Biblioteca Malatestiana

Malatestiana Library / Biblioteca Malatestiana

  • 1447 - 1452
  • NUTI, Matteo
  • Cesena
  • Italia

CAMPBELL, James W.P. The Library: A World History. Thames & Hudson. 2013.

págs.72-77. "Surprisingly, the oldest surviving library of the medieval West is practically from the Renaissance period. We are referring to the Biblioteca Malatestiana in Cesena (near Rimini) built by Matteo Nuti. This library has 58 desks, 29 on each side. Built between 1447 and 1452, it has remained practically intact until today…was the first public library in Europe open to all, and is the only example of a library of origin medieval monastic...

... The history of the medieval library as a physical room does not really begin until the end of the 13th century… Really in the medieval monasteries few books were kept…. And the most extensive monastic collections do not exceed 1.000, 500 at most, the normal thing was to have about 100 books...written, we mean parchment. The parchment was made with sheep or goat skin (in Europe it replaced papyrus) since it is better adapted to the elaboration of codices... developing since the High Middle Ages... The cost of elaboration was considerable (1,000 pages - 250 skins...) what is necessary to add the slow process of elaboration… copy by hand… luxurious binding....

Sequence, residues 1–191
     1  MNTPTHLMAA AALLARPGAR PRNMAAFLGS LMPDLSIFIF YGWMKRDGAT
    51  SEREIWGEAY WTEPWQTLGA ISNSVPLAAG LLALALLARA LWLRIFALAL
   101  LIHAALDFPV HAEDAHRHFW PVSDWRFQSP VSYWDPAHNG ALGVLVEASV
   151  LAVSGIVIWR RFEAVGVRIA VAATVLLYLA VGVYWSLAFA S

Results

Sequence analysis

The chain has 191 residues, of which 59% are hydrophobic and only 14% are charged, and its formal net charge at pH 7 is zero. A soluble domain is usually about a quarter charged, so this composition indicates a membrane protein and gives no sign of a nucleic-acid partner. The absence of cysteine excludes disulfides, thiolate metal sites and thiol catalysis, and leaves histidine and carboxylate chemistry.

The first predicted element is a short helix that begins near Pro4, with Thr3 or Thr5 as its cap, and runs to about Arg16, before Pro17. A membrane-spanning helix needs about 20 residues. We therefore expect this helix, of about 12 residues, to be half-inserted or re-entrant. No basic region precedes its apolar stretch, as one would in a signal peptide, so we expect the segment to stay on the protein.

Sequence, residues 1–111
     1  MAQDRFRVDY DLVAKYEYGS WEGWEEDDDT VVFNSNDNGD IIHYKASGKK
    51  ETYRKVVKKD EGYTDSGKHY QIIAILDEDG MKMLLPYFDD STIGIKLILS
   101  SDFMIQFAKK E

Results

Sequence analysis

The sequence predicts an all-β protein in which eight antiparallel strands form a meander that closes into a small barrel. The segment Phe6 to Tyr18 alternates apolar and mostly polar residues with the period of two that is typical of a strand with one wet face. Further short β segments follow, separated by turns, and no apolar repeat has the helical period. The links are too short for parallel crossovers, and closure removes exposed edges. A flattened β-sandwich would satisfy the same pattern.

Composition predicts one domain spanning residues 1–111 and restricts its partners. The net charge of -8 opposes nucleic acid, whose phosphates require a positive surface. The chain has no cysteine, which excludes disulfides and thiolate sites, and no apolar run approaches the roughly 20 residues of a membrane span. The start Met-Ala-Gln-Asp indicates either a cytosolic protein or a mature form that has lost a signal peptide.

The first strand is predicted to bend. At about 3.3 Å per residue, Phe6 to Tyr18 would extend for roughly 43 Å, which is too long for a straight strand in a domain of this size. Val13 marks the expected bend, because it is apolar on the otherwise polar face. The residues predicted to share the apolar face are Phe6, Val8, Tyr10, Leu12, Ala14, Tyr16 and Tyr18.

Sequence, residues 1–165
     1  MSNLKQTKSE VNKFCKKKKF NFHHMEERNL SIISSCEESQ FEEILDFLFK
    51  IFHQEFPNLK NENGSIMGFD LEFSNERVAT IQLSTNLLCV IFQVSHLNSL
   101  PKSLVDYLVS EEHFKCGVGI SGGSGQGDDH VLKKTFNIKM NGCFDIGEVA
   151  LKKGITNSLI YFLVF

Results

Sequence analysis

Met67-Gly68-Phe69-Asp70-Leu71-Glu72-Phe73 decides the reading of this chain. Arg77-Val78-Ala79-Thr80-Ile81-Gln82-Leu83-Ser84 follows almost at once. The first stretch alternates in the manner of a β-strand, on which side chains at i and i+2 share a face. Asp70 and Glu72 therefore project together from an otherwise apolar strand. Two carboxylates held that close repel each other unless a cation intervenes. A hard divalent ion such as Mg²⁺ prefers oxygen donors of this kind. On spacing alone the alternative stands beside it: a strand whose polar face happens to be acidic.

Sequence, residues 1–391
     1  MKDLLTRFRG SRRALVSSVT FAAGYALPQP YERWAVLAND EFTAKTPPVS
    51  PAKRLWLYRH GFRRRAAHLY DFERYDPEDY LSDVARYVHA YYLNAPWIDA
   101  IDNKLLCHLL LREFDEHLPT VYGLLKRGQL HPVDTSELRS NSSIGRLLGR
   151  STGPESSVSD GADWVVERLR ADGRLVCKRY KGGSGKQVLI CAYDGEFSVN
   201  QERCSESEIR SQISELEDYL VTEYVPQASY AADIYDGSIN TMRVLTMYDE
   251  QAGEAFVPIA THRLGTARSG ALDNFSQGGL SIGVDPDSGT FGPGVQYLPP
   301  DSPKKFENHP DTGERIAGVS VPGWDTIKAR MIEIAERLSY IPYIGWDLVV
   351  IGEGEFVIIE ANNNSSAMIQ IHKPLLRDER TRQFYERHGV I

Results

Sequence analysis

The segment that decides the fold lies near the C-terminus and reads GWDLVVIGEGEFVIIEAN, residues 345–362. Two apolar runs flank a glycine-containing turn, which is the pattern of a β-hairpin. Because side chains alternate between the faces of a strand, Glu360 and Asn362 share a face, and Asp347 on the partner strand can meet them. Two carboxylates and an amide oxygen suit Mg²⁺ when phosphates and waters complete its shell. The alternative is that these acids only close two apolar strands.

From the beginning of the Middle Ages, it was mainly the monasteries that developed this type of knowledge through books. These were originally kept in chests, niches and desks. Not existing in origin a specific place for reading. The chests were transported manually through the monastery to places of light, mainly patios or cloisters. With the passage of time and the increase in collections, books were located in specific places (libraries... this fact occurred from the 14th century".